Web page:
larceny

[ lahr-suh-nee ]SEE DEFINITION OF larceny

Synonyms for larceny

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Antonyms for larceny

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Roget's 21st Century Thesaurus, Third Edition Copyright © 2013 by the Philip Lief Group.

EXAMPLES FROM THE WEB FOR LARCENY

The father and mother looked as if they had been convicted of larceny.

If an attempt to steal results in carrying off the owner's goods, it is larceny.

Removing hats is larceny, and you'll get six months for it.'

But I am sure Victor de Mauleon was not the man to commit a larceny.

Wen we got to the stashun he preferred a charge of larceny gainst me.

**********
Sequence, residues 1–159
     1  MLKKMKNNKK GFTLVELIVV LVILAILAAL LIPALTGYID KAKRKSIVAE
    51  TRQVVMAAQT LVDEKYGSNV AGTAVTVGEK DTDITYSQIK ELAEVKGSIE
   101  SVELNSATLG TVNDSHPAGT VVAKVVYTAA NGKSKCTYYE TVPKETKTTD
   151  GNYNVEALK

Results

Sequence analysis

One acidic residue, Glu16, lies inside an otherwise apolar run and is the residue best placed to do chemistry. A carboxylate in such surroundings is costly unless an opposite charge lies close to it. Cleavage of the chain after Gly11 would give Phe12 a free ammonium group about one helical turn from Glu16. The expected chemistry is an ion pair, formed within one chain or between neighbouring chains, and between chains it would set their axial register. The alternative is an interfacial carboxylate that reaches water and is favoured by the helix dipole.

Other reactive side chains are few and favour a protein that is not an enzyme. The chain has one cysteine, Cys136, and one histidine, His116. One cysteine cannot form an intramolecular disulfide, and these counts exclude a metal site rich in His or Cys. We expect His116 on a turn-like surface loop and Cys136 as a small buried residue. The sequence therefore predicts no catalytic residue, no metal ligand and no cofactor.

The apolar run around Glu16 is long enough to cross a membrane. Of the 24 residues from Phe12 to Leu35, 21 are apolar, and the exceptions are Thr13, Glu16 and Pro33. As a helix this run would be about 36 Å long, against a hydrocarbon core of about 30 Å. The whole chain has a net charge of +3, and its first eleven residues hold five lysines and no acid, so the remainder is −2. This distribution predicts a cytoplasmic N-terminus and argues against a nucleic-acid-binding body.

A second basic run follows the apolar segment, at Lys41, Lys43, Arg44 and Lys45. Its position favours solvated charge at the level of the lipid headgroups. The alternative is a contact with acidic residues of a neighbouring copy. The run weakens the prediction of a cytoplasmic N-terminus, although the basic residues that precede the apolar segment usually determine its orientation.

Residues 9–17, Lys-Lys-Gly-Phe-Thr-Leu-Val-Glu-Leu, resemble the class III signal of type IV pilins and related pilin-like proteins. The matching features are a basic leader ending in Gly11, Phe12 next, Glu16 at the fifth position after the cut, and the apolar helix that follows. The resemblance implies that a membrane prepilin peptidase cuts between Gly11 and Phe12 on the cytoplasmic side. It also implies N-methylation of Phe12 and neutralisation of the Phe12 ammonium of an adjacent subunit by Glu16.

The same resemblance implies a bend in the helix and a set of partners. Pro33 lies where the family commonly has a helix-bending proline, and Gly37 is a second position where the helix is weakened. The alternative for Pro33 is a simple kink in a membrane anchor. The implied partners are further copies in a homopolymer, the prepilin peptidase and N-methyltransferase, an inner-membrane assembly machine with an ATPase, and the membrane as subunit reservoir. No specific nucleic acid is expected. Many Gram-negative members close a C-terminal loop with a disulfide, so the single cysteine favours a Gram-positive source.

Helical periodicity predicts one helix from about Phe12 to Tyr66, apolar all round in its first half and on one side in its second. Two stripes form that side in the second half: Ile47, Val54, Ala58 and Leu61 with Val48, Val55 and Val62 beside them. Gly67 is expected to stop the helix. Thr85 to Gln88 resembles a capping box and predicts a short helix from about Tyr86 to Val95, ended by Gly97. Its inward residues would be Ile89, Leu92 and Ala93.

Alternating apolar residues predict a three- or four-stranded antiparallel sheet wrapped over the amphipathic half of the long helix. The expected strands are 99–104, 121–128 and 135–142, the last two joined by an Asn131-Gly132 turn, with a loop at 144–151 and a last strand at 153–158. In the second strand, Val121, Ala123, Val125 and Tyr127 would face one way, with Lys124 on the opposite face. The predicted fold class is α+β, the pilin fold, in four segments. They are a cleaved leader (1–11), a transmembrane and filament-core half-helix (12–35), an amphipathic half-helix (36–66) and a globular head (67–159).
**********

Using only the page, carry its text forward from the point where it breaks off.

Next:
Were the fleets of Holland, France, and Spain destroyed by larceny?

It is "business," and I am only sorry to say that what is known as business is too often larceny.

It is larceny all the way down, according to the amount of the spoil.

Industry always has been and always will be the enemy of larceny.

As a rule, what would be larceny in one would be larceny in the other.

WORD ORIGIN

late 15c., with -y (3) + Anglo-French larcin (late 13c.), from Old French larrecin, larcin "theft, robbery" (11c.), from Latin latrocinium "robbery, freebooting, highway-robbery, piracy," from latro "robber, bandit," also "hireling, mercenary," ultimately from a Greek source akin to latron "pay, hire, wages," from a suffixed form of PIE root *le- "to get."

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Roget's 21st Century Thesaurus, Third Edition Copyright © 2013 by the Philip Lief Group.